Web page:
Shell, Schneider Electric and the Rocky Mountain Institute introduced the Energy Transitions Commission at the Fortune Brainstorm E Conference in Austin, Texas. The commission was formed to develop actionable insights to help energy decision-makers sustain economic growth while also mitigating climate change.
Commissioners come from the following energy companies, renewable energy interests and heavy energy users:
- BHP Billiton
- GE Oil and Gas
- Royal Dutch Shell
- Schneider Electric
- World Bank Group
Public and academic institutions and foundations are also represented on the Commission.
The ETC will help to galvanize decision makers to ensure that increasing demand for energy is met in a way that limits climate change to the 2 degrees Celsius threshold agreed by the international community.
“Success for the ETC has at least three dimensions,” says Ajay Mathur, incoming director-general of The Energy and Resources Institute (TERI) based in New Delhi. “The first dimension is a broad agreement — not a consensus — among the various members of the initiative about the key pathways that are important. The second one is our ability to provide the analytical support to convince various stakeholders — technology providers, bankers, policymakers — that these pathways are worth investigating. The third is the creation of the corpus of knowledge around which future discussions happen.”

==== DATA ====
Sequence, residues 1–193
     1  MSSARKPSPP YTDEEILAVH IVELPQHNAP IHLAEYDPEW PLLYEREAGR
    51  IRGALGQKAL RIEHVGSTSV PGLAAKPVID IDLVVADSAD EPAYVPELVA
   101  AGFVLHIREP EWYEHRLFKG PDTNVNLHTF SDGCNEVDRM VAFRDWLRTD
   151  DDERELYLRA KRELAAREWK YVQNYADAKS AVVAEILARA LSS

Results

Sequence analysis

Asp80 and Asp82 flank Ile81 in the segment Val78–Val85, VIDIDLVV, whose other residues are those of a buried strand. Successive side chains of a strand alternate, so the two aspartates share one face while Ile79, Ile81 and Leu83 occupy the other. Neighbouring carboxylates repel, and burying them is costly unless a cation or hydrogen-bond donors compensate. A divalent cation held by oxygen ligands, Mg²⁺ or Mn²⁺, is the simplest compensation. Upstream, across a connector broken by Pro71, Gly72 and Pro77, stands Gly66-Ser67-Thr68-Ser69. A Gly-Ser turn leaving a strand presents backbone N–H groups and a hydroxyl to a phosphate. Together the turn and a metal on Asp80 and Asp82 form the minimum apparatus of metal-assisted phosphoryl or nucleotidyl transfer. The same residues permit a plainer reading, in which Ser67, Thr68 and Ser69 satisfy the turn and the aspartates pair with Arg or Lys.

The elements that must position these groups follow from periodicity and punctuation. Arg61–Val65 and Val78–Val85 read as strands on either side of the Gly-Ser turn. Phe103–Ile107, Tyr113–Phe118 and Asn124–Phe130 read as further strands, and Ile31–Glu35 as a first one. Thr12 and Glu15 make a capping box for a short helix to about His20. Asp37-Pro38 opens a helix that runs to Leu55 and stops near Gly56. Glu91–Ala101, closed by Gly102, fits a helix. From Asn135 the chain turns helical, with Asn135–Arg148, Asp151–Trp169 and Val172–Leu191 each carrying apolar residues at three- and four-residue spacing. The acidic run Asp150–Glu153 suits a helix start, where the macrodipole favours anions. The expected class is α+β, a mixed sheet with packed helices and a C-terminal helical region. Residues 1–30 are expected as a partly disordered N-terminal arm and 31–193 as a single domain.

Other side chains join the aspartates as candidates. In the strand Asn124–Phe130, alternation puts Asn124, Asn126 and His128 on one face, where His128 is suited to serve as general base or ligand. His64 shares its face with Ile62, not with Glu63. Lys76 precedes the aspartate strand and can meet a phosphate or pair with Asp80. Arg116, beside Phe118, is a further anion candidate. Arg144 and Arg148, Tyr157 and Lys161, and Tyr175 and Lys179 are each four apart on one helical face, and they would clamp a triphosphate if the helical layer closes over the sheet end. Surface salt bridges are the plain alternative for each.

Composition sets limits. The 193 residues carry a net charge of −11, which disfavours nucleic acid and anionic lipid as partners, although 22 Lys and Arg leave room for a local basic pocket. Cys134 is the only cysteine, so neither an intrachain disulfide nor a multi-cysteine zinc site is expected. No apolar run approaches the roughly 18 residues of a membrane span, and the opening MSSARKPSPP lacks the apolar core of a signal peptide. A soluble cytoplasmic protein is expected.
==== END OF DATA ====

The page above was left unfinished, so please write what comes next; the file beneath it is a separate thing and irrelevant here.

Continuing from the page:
The Commission’s work on energy transitions will encompass the following activities:
- Provide a trusted, authoritative knowledge base on the key debates.
- Engage with energy policy and investment decision-makers and change agents on the challenges and opportunities they face daily.
- Create an open learning community among thought-leaders and practitioners to accelerate the two-way flow of ideas and knowledge between the worlds of research and practice, and between developing and developed economies.
- Create practical tools that support energy decision-making.
Future work will explore how to achieve higher solar adoption rates and how to increase data reliability and transparency when it comes to measuring and reporting air quality.
Earlier this month, Shell announced it was no longer a member of the Prince of Wales’s Corporate Leaders Group — a leading climate change advocacy group it helped start 10 years ago.